When the Canada C3 ship docked in Prince Rupert — one of many stops during its 150-day voyage around the three coasts of Canada — Rhiannon Moore disembarked. As one of the researchers aboard the refurbished icebreaker, Moore had travelled from Tuktoyaktuk to Prince Rupert on Leg 12 of the trip to collect sediment samples to study.
Once on dryland, Moore presented some of her research on microplastics to a packed room. Her Oct. 2 talk, “Tiny plastics, big issues” was hosted by the Northern Coast Cetacean Research Institute’s popular marine speaker series.
Microplastics are defined as pieces of plastic that are five millimetres or smaller, and can come from cosmetics, clothing fibres shed in a washing machine, and bigger plastics that break in the ocean. Moore compares them to the size of a lentil or smaller.
After the talk, the master’s student, who also works as a research assistant for the Ocean Pollution Research Program at the Vancouver Aquarium, said that microplastics are only recently being studied by scientists. Microplastics aren’t easy to see, but they’re newly considered a contaminant.
“In terms of the ecosystem, the most obvious concern of plastics is that animals become entangled or ingest them, and they’re not a natural food. We’ve seen that animals like seabirds will eat larger pieces of plastic and it fills up their stomach, and then they starve,” Moore said.
“The more insidious thing is when they get to these tinier pieces,” she said, because microplastics will travel through the food chain. Once a small fish consumes microplastic and is eaten in turn, the microplastic may be passed on.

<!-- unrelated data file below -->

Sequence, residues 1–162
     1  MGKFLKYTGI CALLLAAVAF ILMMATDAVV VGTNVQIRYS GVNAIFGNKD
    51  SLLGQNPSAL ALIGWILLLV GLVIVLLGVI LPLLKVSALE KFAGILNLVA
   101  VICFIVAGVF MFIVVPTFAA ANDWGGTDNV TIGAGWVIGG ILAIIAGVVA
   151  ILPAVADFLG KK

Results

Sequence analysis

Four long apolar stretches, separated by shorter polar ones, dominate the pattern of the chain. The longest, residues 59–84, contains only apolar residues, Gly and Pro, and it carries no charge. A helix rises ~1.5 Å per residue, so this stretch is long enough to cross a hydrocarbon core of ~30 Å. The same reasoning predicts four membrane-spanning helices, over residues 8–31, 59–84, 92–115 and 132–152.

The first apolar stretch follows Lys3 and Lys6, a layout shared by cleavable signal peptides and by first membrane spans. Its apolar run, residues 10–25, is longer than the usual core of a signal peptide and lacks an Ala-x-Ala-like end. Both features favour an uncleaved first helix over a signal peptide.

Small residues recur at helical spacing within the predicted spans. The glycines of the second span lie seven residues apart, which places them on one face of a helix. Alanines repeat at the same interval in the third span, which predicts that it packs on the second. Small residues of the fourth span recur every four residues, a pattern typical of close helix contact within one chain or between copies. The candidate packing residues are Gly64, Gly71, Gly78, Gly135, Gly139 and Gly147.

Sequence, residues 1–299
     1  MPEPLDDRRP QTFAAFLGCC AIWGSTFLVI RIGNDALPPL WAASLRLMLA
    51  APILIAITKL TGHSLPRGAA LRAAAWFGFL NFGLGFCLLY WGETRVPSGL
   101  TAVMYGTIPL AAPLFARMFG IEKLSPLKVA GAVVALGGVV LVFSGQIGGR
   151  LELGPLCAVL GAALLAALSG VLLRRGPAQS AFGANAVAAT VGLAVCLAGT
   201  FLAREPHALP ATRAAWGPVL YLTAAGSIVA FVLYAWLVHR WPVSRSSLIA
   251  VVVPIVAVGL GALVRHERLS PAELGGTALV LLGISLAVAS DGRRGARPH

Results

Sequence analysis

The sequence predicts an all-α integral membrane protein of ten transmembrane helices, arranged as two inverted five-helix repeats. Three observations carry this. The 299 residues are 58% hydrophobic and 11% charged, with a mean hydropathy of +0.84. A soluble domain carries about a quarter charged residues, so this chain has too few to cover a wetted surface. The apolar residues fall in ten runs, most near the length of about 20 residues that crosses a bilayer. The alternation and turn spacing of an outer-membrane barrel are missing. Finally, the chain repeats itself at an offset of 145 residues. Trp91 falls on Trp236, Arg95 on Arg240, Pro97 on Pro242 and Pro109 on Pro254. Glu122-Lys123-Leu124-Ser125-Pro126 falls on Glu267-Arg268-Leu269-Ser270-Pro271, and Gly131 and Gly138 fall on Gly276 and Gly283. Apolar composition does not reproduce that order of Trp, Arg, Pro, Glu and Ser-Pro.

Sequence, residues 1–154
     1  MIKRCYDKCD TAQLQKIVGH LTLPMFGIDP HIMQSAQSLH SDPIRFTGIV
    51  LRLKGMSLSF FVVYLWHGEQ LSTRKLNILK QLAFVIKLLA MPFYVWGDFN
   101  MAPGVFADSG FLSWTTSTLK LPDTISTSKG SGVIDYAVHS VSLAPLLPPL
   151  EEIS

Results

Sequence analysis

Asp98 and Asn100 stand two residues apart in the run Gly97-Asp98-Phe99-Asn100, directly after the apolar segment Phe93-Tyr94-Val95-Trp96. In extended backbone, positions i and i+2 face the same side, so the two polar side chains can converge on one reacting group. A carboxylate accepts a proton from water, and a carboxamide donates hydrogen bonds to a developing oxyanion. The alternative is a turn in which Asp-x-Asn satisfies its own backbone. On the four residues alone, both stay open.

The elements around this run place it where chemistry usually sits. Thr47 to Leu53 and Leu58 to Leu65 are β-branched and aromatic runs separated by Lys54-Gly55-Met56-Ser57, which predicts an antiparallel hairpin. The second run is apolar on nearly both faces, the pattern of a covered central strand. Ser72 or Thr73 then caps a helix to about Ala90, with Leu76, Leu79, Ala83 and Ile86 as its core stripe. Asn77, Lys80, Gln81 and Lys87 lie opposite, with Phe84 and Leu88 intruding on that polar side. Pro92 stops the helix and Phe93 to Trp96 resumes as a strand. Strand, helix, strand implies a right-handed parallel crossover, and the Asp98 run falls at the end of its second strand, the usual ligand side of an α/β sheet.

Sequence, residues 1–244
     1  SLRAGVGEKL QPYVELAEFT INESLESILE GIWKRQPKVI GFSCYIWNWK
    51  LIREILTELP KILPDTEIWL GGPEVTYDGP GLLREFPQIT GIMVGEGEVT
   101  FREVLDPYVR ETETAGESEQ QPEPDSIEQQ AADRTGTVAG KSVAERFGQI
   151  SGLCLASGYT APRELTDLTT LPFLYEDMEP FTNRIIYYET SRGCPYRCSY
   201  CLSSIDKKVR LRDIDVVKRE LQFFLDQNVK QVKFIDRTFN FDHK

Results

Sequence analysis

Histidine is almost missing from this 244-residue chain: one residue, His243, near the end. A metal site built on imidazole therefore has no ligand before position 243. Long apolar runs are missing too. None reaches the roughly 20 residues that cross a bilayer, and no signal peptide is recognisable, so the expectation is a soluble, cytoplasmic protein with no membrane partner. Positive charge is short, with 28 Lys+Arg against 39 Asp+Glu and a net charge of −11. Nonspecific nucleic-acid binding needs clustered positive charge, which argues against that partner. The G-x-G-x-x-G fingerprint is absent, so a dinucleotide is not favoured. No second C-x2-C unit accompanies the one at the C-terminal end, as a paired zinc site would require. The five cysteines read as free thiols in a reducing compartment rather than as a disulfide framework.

“We’re just at the start of learning what the potential health impacts might be for animals and also for humans,” Moore said.
“It can be a tough subject because there’s no denying that there’s plastic in the ocean. Plastic is something that is definitely there because of us. It’s a topic that everyone can connect with and people of all ages and backgrounds can relate to because we all use plastic.”
While scientists like Moore are trying to analyze the impact of microplastics, she always ends her talks with ways people can help prevent more plastic from winding up in the ocean.
“One of the easiest things is to reduce the amount of single-use plastics. I always say ‘No excuse for single use.’ Those are things you use once or twice and then throw away. Like the lid to a coffee cup: You have your coffee for 10 minutes and then you throw it away and it sits in the landfill for hundreds of years,” she said.
The researcher recommends starting at the grocery store by buying foods with less packaging, and by not using plastic bags to bring groceries home. Next, do a plastic inventory of your bathroom. Bar soaps, instead of liquids that come in plastic bottles, are a simple and cost-effective way to reduce your impact. Finally, Moore suggests wearing natural fibres like cotton, wool and hemp.
“There are so many easy solutions that people can try at home and in their daily life that make a big difference.”